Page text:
In Takeno-machi many of the Referendum Association men with whom I talked were cynical about elected officials. Along with the terms they used to describe local politicians as people who craved position (sukide sukide shōganai) or who were seeking a sinecure and a feather in their cap after completing their life’s more serious work (meiyo shoku), I often heard residents repeat a local saying that went something like this: “If you can sell one rice paddy, you can run for election.” The point of the saying is that, given how expensive it is to campaign for office, especially when corruption...

  9. CHAPTER 3 The Paradox of Masculine Honor
    (pp. 95-127)

    Takada-san’s strategy of connecting himself to his father’s constituency base worked, and he won his first election. Unfortunately for Takadasan, however, his notion of ethical identity was enmeshed with the same masculinist power structure that commanded his submission to the often arbitrary likes and dislikes of men more powerful than he. His postelection political narrative justified his acceptance of the masculine hierarchy he faced in elected office, and thus it also acted to constrain his political and ethical ambitions as an elected representative. Takadasan struggled to reinterpret traditionalist notions of Japanese masculinity into the means of defining a politician’s work...

  10. CHAPTER 4 Cheating as a Democratic Practice
    (pp. 128-158)

    Throughout the evening Baba-san and I have been talking about Takeno politics. Now it’s so late we have given up making more tea. Instead Baba pours a little hot water into my cup,sayu, he calls it, a fancy word for “hot water for making tea.” He sucks on his cigarette; his body has crumpled below the level of the table. His legs have slid far under the blanket tacked around the table edges to hold in the warmth from thekotatsuheater attached to the bottom of the tabletop.¹

    “In high school my sister and I sat under the...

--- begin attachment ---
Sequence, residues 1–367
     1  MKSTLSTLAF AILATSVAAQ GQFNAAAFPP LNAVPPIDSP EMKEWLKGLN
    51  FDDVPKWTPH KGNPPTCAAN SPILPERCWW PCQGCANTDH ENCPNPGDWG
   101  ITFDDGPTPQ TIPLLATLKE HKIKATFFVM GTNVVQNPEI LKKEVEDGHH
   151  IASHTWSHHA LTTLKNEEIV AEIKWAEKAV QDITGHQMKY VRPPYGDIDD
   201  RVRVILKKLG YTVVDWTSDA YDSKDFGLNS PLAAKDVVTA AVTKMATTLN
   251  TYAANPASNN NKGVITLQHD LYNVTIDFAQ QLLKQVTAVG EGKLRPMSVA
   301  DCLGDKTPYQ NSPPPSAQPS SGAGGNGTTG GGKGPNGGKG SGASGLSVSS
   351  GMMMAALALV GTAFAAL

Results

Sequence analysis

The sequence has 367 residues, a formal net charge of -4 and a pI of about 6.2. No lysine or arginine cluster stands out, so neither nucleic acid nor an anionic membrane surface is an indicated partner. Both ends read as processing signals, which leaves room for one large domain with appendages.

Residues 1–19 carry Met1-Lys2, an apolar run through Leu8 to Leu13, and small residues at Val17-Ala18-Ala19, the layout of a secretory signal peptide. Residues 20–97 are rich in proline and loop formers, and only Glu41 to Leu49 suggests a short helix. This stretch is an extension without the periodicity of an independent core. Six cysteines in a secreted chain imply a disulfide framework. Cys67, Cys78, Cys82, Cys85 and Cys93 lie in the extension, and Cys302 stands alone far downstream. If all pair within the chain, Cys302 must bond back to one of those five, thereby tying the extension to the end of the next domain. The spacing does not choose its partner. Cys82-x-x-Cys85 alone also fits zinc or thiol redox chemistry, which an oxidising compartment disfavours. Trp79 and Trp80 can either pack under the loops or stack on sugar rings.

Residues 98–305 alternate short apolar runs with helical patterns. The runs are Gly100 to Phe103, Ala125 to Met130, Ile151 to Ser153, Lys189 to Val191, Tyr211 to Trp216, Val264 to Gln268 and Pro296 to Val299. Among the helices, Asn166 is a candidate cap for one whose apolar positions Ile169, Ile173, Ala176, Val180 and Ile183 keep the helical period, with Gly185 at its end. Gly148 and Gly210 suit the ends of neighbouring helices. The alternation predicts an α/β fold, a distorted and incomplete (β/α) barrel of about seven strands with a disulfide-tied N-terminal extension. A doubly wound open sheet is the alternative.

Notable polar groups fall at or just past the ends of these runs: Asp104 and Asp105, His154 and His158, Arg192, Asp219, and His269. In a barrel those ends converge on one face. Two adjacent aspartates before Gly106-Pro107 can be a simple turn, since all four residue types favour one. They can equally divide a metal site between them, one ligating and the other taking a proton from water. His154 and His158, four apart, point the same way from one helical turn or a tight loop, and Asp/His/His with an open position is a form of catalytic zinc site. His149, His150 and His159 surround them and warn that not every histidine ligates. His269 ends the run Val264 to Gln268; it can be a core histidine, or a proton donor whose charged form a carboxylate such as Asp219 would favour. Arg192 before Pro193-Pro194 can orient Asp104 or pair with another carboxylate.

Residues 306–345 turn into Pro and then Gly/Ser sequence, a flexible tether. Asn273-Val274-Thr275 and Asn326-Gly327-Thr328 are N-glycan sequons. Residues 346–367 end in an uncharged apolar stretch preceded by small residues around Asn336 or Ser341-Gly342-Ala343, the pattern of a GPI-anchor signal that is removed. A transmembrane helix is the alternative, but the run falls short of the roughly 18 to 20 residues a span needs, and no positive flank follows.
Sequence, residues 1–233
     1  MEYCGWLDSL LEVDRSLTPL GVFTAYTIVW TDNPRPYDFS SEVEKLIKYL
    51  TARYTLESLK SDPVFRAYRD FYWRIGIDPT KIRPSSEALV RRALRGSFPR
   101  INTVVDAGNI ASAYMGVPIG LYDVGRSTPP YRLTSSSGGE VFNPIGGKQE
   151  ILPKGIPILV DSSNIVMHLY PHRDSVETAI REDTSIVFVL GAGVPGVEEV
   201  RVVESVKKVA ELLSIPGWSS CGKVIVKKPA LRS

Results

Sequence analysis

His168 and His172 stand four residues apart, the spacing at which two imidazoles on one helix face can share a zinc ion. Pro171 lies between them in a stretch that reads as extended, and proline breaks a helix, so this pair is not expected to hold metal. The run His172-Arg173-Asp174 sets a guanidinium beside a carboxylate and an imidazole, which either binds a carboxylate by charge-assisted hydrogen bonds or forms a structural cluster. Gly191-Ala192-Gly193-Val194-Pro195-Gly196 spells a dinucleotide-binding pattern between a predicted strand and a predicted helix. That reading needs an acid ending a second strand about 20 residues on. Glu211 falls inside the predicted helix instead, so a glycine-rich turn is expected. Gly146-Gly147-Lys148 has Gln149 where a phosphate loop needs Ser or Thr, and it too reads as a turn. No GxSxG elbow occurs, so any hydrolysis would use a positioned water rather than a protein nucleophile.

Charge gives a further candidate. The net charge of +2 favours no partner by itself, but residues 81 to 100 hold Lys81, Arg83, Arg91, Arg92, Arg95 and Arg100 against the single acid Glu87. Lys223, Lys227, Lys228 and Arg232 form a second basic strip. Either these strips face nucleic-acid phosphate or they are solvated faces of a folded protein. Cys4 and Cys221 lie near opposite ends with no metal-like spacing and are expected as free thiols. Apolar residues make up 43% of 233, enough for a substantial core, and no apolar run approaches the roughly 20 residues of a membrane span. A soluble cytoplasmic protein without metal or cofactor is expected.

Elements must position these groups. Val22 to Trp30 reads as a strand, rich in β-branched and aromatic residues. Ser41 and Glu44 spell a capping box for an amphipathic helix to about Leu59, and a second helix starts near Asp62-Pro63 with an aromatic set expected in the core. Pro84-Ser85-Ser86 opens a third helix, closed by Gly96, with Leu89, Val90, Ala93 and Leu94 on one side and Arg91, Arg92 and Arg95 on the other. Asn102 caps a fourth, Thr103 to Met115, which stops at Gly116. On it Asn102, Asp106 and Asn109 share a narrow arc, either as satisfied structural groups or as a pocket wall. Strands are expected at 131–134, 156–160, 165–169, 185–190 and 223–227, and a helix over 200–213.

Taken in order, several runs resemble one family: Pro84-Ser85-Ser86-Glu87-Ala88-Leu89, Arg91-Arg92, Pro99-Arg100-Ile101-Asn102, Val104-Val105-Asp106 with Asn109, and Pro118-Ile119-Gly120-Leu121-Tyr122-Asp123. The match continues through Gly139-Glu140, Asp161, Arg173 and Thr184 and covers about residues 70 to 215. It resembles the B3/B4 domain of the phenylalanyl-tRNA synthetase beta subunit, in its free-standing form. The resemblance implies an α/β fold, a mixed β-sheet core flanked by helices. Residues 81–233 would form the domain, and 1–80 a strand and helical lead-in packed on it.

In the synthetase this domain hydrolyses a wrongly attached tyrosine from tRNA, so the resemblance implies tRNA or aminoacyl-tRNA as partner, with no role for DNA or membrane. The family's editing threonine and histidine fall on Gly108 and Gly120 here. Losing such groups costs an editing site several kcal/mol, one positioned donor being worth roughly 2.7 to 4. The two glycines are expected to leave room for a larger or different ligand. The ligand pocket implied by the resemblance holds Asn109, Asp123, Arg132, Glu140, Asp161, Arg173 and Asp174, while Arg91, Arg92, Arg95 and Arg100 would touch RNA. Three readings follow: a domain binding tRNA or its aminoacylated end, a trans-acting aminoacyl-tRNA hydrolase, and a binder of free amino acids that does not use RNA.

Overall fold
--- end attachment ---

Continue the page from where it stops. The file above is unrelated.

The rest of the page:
11. CHAPTER 5 The Art of the Gut
    (pp. 159-186)

    In December 2002 I scheduled an interview with Katō Susumu, a leader in the little talked of but growing world of Japanese political consulting. In the fall I had added another man’s election campaign to the list of those I observed in my attempt to understand the link between masculinity and the use of power in local politics. Katō and a volunteer staff were instrumental in developing that candidate’s campaign strategy, and I was meeting with him to get a more complete sense of how power was distributed in the campaign office.¹ Generally Katō works with progressive candidates from what...

  12. CONCLUSION: Salad and Cigarettes for Breakfast, or How to Find Democracy by Losing Your Sense of Perspective
    (pp. 187-202)

    By the time Iida, my journalist friend from Takeno, confesses he has completely lost his objectivity, our shared beef tongue soup pot has boiled down to a scummy mass. The remaining pieces of tongue, which Iida keeps popping into his mouth with the compulsive rhythm of the young and thorough eater, are thick knobs that hardly bear gnawing, let alone chewing. Tucked in this warm restaurant, one floor below the rainy streets of the Ginza and beyond the reach of cell phone signals, we are lost to Tokyo.

    Iida’s startlingly good mimicry and journalist’s capacity for recalling detail have transported...

  13. Notes
    (pp. 203-224)
  14. Index
    (pp. 225-229)
  15. Back Matter
    (pp. 230-230)